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The Resurrection and Appearance of Jesus Christ Mark 16:1-13 records the resurrection and appearance of Jesus Christ.
Mark 16:1-8 The Resurrection of Jesus (Matthew 28:1-8 , Luke 24:1-12 , John 20:1-10 ) In Mark 16:1-8 we have the account of the resurrection of the Lord Jesus Christ.
Mark 16:1 “that they might come and anoint him” Comments - Jesus had already been anointed for burial when the woman wiped His feet with her hair (see Mark 14:3-9).
Mark 14:8, “She hath done what she could: she is come aforehand to anoint my body to the burying.”
Mark 16:1 Comments Biblical scholars hold two views as to the time and day when the women first visited the empty tomb, stating they either arrived Saturday evening or Sunday morning. Mark and Luke clearly state that the women discovered the empty tomb early Sunday morning (Mark 16:2, Luke 24:1). However, statements made by Matthew and John are not so clear, leaving room for debate (Matthew 28:1, John 20:1). Thus, scholars use the accounts of Matthew and John as the basis for an argument of a Saturday evening discovery of the empty tomb, although the Sunday morning view is generally preferred by scholars.
Matthew 28:1, “In the end of the sabbath, as it began to dawn toward the first day of the week, came Mary Magdalene and the other Mary to see the sepulchre.”
Mark 16:2, “And very early in the morning the first day of the week, they came unto the sepulchre at the rising of the sun.”
Luke 24:1, “Now upon the first day of the week, very early in the morning, they came unto the sepulchre, bringing the spices which they had prepared, and certain others with them.”
John 20:1, “The first day of the week cometh Mary Magdalene early, when it was yet dark, unto the sepulchre, and seeth the stone taken away from the sepulchre.”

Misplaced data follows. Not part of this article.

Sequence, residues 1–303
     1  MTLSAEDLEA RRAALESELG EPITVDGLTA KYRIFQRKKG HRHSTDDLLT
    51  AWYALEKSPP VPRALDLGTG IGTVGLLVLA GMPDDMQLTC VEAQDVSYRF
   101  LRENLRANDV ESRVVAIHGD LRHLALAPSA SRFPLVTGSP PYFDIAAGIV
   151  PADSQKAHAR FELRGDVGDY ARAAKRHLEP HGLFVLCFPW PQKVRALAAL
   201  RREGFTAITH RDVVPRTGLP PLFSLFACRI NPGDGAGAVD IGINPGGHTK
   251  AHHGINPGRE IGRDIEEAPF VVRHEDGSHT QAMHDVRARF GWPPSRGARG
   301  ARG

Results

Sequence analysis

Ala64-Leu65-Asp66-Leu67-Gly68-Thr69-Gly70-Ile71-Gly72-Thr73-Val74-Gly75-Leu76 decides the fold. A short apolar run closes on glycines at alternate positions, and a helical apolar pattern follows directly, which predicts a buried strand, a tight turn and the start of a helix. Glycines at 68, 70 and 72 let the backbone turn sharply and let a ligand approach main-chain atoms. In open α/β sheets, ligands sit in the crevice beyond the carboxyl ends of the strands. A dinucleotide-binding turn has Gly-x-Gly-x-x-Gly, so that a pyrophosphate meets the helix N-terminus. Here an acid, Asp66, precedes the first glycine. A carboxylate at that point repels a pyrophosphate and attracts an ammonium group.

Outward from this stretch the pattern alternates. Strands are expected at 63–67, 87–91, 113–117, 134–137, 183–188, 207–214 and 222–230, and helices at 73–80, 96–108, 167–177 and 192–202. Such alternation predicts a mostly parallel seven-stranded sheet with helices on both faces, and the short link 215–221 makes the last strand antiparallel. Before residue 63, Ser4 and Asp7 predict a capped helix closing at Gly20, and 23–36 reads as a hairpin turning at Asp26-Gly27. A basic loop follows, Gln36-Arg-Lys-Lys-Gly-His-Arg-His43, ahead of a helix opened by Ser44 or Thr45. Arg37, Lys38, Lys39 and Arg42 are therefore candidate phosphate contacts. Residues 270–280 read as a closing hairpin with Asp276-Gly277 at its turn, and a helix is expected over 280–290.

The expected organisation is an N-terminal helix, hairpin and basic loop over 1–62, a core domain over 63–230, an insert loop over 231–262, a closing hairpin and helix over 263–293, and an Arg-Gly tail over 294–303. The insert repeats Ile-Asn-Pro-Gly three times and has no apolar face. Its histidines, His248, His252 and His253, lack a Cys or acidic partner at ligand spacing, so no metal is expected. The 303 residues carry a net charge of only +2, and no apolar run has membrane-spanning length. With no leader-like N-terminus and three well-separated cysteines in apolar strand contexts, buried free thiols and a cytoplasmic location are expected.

Modern English versions offer translations that reflect both views, translating the Greek phrase Ὀψὲ δὲ σαββάτων in Matthew 28:1 as “after the Sabbath day” ( NIV, RSV), or “towards the end of the Sabbath day” ( ASV, AV, YLT). 
 A. T. Robertson, A Grammar of the Greek New Testament in the Light of Historical Research (New York: Hodder and Stoughton, n.d.), 645-646.
Alfred Edersheim says the Jewish day begins at evening (6:00 p.m.) instead of midnight, as is used in the modern Western civilization.  Thus, if we understand the women to be making their way to the tomb before 6:00 p.m. Saturday evening, then they would have arrived as “the end of the Sabbath day” (Matthew 28:1), while it was still Saturday, so that the first day of the week “began to dawn” at 6:00 p.m. on our Saturday evening. This is how Rotherham brings out his translation:
 Alfred Edersheim says, “It is noteworthy that in Genesis 1:0 we always read, ‘And the evening and the morning were the first day,’ or second, or third day, etc. Hence the Jews calculate the day from evening to evening, that is, from the first appearance of the stars in the evening to the first appearance of stars next evening, and not, as we do, from midnight to midnight.” See Alfred Edersheim, The Bible History Old Testament (Grand Rapids, Michigan: William B. Eedmann Publishing Company, c1876-1887, 1984) 19.
Rotherham, “And, late in the week, when it was on the point of dawning into the first of the week, came Mary the Magdalene, and the other Mary, to view the sepulchre.”
However, the NIV interprets Matthew 28:1 to mean the dawning of the following Sunday morning after the Sabbath. This is generally the preferred interpretation, that the women went to the tomb early Sunday morning as daylight began to dawn.